Archive for the ‘Books’ Category

Browning at Two Hundred:  coming very soon, a special issue of Victorian Poetry

Co-edited by

Mary Ellis Gibson, University of North Carolina at Greensboro

and Britta Martens, University of the West of England.

Coming soon:

a roundtable on Browning and Victorian poetics featuring Isobel Armstrong, Sandra Donaldson, Warwick Slinn, Herbert Tucker

links to essays by

Linda Peterson

Alison Chapman

Adrienne Munich with Nicole Garrett

John Woolford

Stefan Hawlin

Erik Gray

Erin Nerstad

Linda Shires

Ulrich Knoepflmacher


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Happily the final page proofs and indexes of Anglophone Poetry in Colonial India are off to the press today, joining their twin and heavier partner Indian Angles (which should be at the printer’s now).  Many thanks to Srinivas Aravamudan and Tricia Lootens for positive comments and help and to Julia Kimmel for last minute proofreading assistance.


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CentSp.svg Wikipedia has a nice description of Centaur:

Centaur is an Humanist Type Family originally drawn as titling capitals by Bruce Rogers in 1914 for the Metropolitan Museum of Art. The typeface is based upon several Renaissance models. Rogers’ primary influence for the Roman was Nicholas Jenson’s 1475 Laertis, considered the model for the modern Roman alphabet.

Centaur also shows the influence of types cut by Francesco Griffo in 1495 for a small book titled De Aetna written by Pietro Bembo. The 1929 typeface Bembo, is based primarily upon that specimen. Rogers later added the Roman lowercase, and the italic, based upon Ludovico Arrighi’s 1520 chancery face, was drawn by Frederic Warde, and is the typeface released for general use in 1929 by the Monotype Corporation Ltd.


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Indian Angles is now in proof, and it uses a beautiful typeface, Centaur. Watch for a sample page here. Centaur is a twentieth-century typeface which modifies one of Jenson’s early faces. The book designers at Ohio UP are grand–and they’ve done a lovely job with the illustrations too.

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A Critical Anthology

Ohio University Press forthcoming

Edited by Mary Ellis Gibson
Anglophone Poetry in Colonial India, 1780–1913: A Critical Anthology makes accessible for the first time the entire range of poems written in English on the subcontinent from their beginnings in 1780 to the watershed moment in 1913 when Rabindranath Tagore won the Nobel Prize in Literature.

Mary Ellis Gibson establishes accurate texts for such well-known poets as Toru Dutt and the early Indian English poet Kasiprasad Ghose. The anthology brings together poets who were in fact colleagues, competitors, and influences on each other. The historical scope of the anthology, beginning with the famous Orientalist Sir William Jones and the anonymous “Anna Maria” and ending with Indian poets publishing in fin-de-siècle London, will enable teachers and students to understand what brought Kipling early fame and why at the same time Tagore’s Gitanjali became a global phenomenon. Anglophone Poetry in Colonial India, 1780–1913 puts all parties to the poetic conversation back together and makes their work accessible to American audiences.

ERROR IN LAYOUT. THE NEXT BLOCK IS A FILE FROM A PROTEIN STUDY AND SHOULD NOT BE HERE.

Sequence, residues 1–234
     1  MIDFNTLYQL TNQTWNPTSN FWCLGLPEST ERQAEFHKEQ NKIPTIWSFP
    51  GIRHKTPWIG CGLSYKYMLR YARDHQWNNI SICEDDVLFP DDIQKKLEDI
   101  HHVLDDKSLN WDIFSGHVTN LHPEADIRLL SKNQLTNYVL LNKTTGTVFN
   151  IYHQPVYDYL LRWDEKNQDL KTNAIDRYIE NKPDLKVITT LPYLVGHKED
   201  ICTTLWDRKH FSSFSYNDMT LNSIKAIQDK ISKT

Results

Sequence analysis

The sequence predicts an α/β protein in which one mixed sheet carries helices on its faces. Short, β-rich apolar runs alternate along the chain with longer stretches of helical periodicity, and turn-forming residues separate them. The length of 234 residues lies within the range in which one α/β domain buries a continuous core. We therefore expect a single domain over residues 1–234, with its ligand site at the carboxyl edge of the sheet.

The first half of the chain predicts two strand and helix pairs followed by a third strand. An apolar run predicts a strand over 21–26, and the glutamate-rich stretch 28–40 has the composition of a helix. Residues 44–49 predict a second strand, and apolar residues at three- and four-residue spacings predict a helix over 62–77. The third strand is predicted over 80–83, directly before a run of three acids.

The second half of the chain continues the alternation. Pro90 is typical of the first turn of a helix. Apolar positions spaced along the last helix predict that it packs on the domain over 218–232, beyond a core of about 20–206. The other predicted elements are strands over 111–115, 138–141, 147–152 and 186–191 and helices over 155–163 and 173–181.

With accurate and reliable texts, detailed notes on vocabulary, historical and cultural references, and biographical introductions to more than thirty poets, this collection will significantly reshape the understanding of English language literary culture in India. It allows scholars to experience the diversity of poetic forms created in this period and to understand the complex religious, cultural, political, and gendered divides that shaped them.

This anthology accompanies a book examining these and similar poems, placing them in their cultural contexts.

English Verse in Colonial India from Jones to Tagore

By Mary Ellis Gibson

Ohio University Press 2011 forthcoming

“This is genuinely groundbreaking work: ambitiously conceived, suggestively presented, and potentially paradigm-shifting.”
Tricia Lootens — author of Lost Saints: Silence, Gender, and Victorian Literary Canonization

In Indian Angles, Mary Ellis Gibson provides a new historical approach to Indian English literature. Gibson shows that poetry, not fiction, was the dominant literary genre of Indian writing in English until 1860 and that poetry written in colonial situations can tell us as much or even more about figuration, multilingual literacies, and histories of nationalism than novels can. Gibson recreates the historical webs of affiliation and resistance that were experienced by writers in colonial India—writers of British, Indian, and mixed ethnicities.

Advancing new theoretical and historical paradigms for reading colonial literatures, Indian Angles makes accessible many writers heretofore neglected or virtually unknown. Gibson recovers texts by British women, by non-elite British men, and by persons who would, in the nineteenth century, have been called Eurasian. Her work traces the mutually constitutive history of English language poets from Sir William Jones to Toru Dutt and Rabindranath Tagore. Drawing on contemporary postcolonial theory, her work also provides new ways of thinking about British internal colonialism as its results were exported to South Asia.

In lucid and accessible prose, Gibson presents a new theoretical approach to colonial and postcolonial literatures.

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